WICHITA, Kan. (AP) — Republican Ron Estes and Democrat James Thompson squabbled over health care reform, Planned Parenthood funding and more during their first face-to-face encounter in the race to fill the seat vacated by CIA Director Mike Pompeo. Their contentious forum Thursday in the heavily Republican Kansas 4th district played out against the backdrop of GOP efforts in Washington, D.C., to repeal the nation's health care law. This special election to replace Pompeo is the nation's first congressional race since President Donald Trump's election. Estes says he supports the repeal and replacement of "Obamacare." Thompson says the country needs to work out the problems in the current health care system. He says health care should be "affordable and accessible for everybody." Estes supports defunding Planned Parenthood. Thompson says Planned Parenthood has done a lot of good.


Missouri Governor Greitens Joins Brownback in Support of U.S. Health Care Overhaul

JEFFERSON CITY, Mo. (AP) — Kansas Governor Sam Brownback and Missouri Governor Eric Greitens both signed a letter backing the Republican's health care proposal in the U.S. House. Brownback and Greitens joined five other Republican governors in a letter sent Thursday to Senate Majority Leader Mitch McConnell and House Speaker Paul Ryan voicing support of the bill. The letter comes as President Donald Trump and Republican lawmakers are scrambling to get enough votes in the U.S. House to pass the proposed replacement for the federal health care law enacted under former President Barack Obama. Greitens last week said he wants a program that offers flexibility to states to develop their own systems. That option was among changes unveiled this week and touted in the governors' letter. 


Kansas Senator Roberts Apologizes for Mammogram Remark

WASHINGTON (AP) —Republican Senator Pat Roberts of Kansas is apologizing for his comment about the possibility the GOP health care bill would ease federal requirements on coverage of basic services like mammograms. In an interview with a reporter for Talking Points Memo on Thursday, Roberts was asked about potential changes in the health care bill regarding women's health. He said: "I wouldn't want to lose my mammograms." He later tweeted an apology: "I deeply regret my comments on a very important topic. Mammograms are essential to women's health & I never intended to indicate otherwise."


Dakota Ranchers Latest to Offer Help for Fire-Stricken Kansas Colleagues

BISMARCK, N.D. (AP) - Ranchers in the Dakotas are helping colleagues in the Kansas and several other states who are dealing with the effects of devastating wildfires. Ranchers in Kansas, Texas, Oklahoma and Colorado lost thousands of animals and suffered tens of millions of dollars' worth of damage in the wildfires that blackened thousands of square miles earlier this month. The North Dakota Stockmen's Association has pledged $15,000 to help ranchers in the affected states. The South Dakota Cattlemen's Association is paying state permit fees for anyone hauling donated hay through that state to the fire-ravaged areas. 


Kansas City, Missouri Police Chief Forte to Retire

KANSAS CITY, Mo. (AP) - The first African-American to lead the police department in Kansas City, Missouri, is planning to retire. The Kansas City Star reports 55-year-old Darryl Forte announced that he plans to step down on May 20, after more than three decades in law enforcement. Forte has been credited for making changes at the department, such as training officers on de-escalation tactics and requiring officers to work in areas suffering from increased violent crime.  He also appointed a diversity officer to advance inclusion of minorities, women and others. Forte informed leaders of the Kansas City Board of Police Commissioners about his decision on Tuesday. He did not give a specific reason for stepping down from his position. Forte is the city's 44th police chief.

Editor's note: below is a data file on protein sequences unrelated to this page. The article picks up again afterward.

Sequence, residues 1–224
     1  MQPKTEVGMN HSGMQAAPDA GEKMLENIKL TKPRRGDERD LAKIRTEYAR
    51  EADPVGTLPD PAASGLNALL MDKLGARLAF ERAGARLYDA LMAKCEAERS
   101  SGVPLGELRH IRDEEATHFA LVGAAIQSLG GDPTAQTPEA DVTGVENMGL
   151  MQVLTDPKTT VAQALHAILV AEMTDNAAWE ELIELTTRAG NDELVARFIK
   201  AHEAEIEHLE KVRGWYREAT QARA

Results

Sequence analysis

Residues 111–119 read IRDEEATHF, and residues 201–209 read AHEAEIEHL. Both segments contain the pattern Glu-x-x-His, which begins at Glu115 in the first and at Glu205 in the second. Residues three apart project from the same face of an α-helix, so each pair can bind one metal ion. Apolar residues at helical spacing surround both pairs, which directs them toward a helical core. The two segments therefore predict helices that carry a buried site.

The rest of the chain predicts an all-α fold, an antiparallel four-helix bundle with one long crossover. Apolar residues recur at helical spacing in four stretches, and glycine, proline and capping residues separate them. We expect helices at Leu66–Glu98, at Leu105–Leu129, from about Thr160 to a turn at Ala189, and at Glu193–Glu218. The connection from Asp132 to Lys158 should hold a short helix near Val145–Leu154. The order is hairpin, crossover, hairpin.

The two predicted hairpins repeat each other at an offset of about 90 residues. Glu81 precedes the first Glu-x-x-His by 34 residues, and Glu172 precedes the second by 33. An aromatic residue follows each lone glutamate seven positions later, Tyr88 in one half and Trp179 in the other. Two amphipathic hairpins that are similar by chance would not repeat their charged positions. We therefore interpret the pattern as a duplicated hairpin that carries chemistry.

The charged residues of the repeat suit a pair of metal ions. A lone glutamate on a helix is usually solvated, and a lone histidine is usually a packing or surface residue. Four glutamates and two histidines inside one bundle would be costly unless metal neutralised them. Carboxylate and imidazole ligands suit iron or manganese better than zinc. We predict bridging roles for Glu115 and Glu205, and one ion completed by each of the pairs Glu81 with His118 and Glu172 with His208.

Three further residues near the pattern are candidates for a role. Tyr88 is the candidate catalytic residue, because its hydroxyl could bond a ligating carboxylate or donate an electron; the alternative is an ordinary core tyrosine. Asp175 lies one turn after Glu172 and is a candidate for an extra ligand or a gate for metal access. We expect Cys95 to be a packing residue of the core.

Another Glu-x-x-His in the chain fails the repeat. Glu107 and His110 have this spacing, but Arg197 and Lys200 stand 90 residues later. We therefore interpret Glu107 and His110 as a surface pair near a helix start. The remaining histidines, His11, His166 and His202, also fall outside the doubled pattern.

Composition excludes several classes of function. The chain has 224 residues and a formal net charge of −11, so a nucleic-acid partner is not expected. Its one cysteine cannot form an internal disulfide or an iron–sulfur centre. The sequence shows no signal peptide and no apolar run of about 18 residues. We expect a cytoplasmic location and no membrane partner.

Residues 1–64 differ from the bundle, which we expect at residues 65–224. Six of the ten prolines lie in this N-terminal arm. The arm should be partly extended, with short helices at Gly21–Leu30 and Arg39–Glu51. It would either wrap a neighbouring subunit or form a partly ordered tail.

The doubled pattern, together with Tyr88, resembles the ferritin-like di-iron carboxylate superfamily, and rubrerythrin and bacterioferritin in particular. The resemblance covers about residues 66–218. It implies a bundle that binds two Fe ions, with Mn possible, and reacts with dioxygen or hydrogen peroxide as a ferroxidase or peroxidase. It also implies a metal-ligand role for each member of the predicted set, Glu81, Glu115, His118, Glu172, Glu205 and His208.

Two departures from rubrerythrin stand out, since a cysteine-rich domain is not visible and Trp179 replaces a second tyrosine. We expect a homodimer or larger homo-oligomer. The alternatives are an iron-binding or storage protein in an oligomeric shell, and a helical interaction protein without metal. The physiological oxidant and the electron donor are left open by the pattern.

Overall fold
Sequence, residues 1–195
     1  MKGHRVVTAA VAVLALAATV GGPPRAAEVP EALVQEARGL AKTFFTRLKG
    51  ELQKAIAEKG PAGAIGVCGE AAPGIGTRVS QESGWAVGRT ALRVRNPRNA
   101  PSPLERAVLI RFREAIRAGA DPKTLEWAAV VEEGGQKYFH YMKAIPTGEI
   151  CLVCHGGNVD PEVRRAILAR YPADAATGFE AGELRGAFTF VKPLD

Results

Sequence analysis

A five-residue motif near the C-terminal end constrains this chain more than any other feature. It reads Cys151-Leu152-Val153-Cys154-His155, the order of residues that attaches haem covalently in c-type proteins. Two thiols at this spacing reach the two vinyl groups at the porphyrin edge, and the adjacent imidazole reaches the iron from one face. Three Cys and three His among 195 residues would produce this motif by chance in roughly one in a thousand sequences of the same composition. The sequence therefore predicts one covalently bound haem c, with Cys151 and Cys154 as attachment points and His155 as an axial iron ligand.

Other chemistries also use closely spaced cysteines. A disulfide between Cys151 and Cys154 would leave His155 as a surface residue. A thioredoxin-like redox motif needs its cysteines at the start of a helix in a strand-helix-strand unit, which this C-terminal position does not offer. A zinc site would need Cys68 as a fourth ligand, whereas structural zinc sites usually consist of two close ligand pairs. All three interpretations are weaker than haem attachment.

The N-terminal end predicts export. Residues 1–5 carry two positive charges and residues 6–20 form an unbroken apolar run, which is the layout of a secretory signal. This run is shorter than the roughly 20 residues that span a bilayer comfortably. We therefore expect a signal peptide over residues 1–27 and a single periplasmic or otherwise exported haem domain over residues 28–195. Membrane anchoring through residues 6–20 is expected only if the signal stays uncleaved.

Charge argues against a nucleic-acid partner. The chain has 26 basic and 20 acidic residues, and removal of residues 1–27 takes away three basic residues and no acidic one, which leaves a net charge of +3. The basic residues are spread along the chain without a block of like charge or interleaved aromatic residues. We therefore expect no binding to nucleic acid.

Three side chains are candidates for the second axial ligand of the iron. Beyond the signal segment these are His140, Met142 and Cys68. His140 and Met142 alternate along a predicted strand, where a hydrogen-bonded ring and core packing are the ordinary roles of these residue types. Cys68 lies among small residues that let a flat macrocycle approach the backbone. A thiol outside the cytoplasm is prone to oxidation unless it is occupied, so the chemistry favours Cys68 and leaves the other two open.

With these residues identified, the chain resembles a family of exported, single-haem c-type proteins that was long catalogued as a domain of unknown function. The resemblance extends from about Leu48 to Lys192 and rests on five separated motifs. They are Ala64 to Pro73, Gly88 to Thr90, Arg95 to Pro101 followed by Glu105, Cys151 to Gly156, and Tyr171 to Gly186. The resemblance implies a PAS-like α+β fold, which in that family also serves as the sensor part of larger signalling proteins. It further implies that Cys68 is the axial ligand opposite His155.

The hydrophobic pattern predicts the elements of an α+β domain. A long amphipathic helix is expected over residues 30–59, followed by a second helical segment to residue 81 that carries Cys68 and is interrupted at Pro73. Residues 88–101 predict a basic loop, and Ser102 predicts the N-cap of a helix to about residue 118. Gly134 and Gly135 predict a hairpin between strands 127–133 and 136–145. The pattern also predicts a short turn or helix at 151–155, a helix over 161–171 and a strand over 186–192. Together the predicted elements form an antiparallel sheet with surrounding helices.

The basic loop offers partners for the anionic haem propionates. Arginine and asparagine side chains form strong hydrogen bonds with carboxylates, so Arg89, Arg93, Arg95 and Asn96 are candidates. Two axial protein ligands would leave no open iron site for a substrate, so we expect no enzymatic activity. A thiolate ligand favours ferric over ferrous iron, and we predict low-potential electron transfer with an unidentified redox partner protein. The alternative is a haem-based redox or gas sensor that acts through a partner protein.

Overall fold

Newton Prom Proposal Gains Internet Popularity

NEWTON, Kan. (AP) - A video of a Kansas high school student asking his friend's younger sister to prom has gone viral online. The Hutchinson News reports that Shaedon Wedel and Carson Wittman initially planned to both take Carson's 15-year-old sister, Carlie, to the school prom in Newton. But after her brother started dating someone, Shaedon decided he would take Carlie himself. Shaedon says Carlie, who has Down Syndrome, "wants to be Cinderella, and I want that for her." A video of the "promposal" shows Shaedon with flowers and a custom-made shirt that reads: "I know I'm NACHO typical Dorito but ... I'm going to be CHEESY and ask: Will you go to prom with me?" The video was shared on Facebook on March 17. By this week, it had been viewed more than 185,000 times.


Kansas Jayhawks Rout Purdue 98-66 to Reach Elite Eight

KANSAS CITY, Mo. (AP) — Player of the year front-runner Frank Mason III poured on 26 points as Kansas turned on the jets in the second half and the top-seeded Jayhawks soared to a 98-66 blowout of No. 4 seed Purdue on Thursday night in the Midwest Regional semifinals at the Sprint Center in Kansas City, Missouri. Devonte Graham also had 26 points and Josh Jackson had 15 points and 12 rebounds for the Jayhawks (31-4), who led by 7 at halftime before their pace finally wore down the Boilermakers. Kansas used two big runs, including an 11-0 charge highlighted by Lagerald Vicks' 360-degree drunk, to coast into a matchup with Number 3 seed Oregon on Saturday for a spot in the Final Four. The Ducks survived a nail-biter against Michigan earlier in the night. Caleb Swanigan had 18 points and seven boards for the Boilermakers (27-8).